- If you want to know how we practice medicine now and in the future, listen to the conversations in the hallway and use #FOAMed.
But we need more evidence, better evidence, stronger evidence that FOAMed can improve knowledge translation. It has been said many times on the SGEM that it can take over ten years for high quality, clinically relevant information to reach the patients’ bedside. This was illustrated in the leaky pipe model published in the AEM paper by Diner et al almost 10 years ago.
So we know the traditional model takes too long and that social media and FOAMed is fast. But the question that always comes up about FOAMed is what about quality? However, nobody seems to question the quality of a textbook and few people seem to question the quality of peer reviewed publications. What about lectures, where does the structured critical review of this teaching format come into play?
The METRIQ Study:
This stands for Medical Education Translational Resources: Impact and Quality (METRIQ). The translational resources that we are referring to are blogs and podcasts. A few years ago we published the Social Media Index. The idea was to quantify the relative impact of blogs and podcasts so that trainees could find them and producers could get credit for them. Our findings were published WJEM and we received a lot of criticism from FOAM luminaries like Scott Weingart and Simon Carley, in part because it did not measure quality.
Some of that criticism was answered with the Delphi studies looking at quality indicators for blogs and podcasts. In this series of studies we came up with a bunch of quality indicators that would help evaluate blogs and podcasts. But they didn’t really provide an easy way for the readers and listeners to evaluate these resources critically.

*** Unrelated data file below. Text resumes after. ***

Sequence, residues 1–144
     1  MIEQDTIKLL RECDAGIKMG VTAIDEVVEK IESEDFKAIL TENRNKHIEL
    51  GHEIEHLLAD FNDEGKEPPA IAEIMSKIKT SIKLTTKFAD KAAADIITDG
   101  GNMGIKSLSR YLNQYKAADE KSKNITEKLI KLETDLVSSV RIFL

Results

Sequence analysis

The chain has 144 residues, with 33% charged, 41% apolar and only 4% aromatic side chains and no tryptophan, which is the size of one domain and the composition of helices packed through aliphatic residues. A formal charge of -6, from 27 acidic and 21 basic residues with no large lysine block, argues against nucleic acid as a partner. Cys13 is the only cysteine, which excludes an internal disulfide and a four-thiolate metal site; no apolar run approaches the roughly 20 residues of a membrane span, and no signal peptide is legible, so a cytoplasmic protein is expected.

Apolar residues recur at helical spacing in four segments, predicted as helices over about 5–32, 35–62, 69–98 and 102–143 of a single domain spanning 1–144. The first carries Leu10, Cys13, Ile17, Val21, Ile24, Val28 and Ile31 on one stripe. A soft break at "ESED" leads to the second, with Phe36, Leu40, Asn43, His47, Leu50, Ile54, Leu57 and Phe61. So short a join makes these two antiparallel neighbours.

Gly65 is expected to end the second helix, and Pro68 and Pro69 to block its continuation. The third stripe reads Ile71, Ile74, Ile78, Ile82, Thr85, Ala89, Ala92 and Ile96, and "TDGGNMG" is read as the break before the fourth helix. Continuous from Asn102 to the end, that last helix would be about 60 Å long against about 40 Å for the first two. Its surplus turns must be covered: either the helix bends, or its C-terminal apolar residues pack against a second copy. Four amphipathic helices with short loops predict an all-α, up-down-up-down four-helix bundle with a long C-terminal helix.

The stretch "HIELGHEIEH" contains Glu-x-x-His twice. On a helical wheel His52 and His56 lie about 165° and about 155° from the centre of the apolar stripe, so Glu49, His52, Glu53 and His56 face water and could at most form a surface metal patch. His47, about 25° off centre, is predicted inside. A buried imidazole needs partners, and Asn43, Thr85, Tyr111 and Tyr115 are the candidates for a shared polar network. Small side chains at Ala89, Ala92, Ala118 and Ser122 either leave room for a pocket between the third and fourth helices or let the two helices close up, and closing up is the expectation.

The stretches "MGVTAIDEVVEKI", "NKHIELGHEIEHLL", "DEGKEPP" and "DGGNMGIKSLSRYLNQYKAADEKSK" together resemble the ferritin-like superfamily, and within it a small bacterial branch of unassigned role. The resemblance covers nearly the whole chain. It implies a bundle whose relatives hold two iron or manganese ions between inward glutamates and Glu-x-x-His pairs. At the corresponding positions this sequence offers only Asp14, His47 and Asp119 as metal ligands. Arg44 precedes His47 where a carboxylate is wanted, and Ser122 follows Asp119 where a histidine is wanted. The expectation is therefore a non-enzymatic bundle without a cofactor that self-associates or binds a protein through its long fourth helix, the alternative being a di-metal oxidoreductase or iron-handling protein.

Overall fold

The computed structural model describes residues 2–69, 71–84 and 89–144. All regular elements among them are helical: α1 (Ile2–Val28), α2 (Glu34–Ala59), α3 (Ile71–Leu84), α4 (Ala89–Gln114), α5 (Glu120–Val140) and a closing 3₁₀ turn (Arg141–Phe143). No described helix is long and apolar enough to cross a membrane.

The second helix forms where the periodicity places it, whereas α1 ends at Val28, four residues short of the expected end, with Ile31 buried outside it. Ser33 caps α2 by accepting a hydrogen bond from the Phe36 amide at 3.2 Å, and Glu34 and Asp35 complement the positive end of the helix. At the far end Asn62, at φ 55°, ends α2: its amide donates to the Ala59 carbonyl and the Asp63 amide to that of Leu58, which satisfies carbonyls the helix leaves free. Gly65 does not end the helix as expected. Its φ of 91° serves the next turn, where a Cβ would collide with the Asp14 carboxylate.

Hypothesis for METRIQ: There are several hypotheses that we are examining with this data, but the primary one is that we can develop a tool for junior trainees like medical students that will help them to reliably evaluate the quality of blogs and podcasts.
What is your primary outcome? Interestingly, METRIQ is designed and powered to be an equivalence study. That’s not a study design that is very common, but we are hoping to prove that at least one of these scoring systems will closely approximate the mean gestalt quality evaluation of attending EM physicians. Basically, we want a medical student with a tool to come to the same conclusion about a resource’s quality that a room full of EM attendings would!
What methods are you using? To do that, we are recruiting medical students, EM residents, and EM attendings to rate a bunch of blog posts! To get enough data to power our calculations each participant needs to rate 20 separate posts.
How many people do you need to complete the METRIQ? We are hoping to recruit 64 collaborators from each group – so 64 medical students, EM residents, and EM attendings.
What are your numbers like as of today? We are off to a great start. So far as of recording the show today, we have had a total of 220 people express interest in the study. Of those, 113 have started rating posts and 42 have completed all of their rating. We’re hoping that the responses will continue to roll in and we are still recruiting to ensure that 64 people from each group finishes their rating.
Now it is time for the SGEMers to pay back to the FOAMed community for all the great free medical education. Please sign up today and finish the METRIQ Study. Go to METRIQstudy.org to find out all the details.
There is no keener contest this week but last weeks winner was Dhruba Tamuli an EM resident from Hull Royal Infirmary in the United Kingdom. They knew another clinical indication for mannitol other than raised intracranial pressure is for reduction of elevated intraocular pressure.
The SGEM will be back next week with another critical appraisal trying to cut that knowledge translation window down from over ten years to less than one year.
Remember to be skeptical of anything you learn, even if you heard it on the Skeptics’ Guide to Emergency Medicine.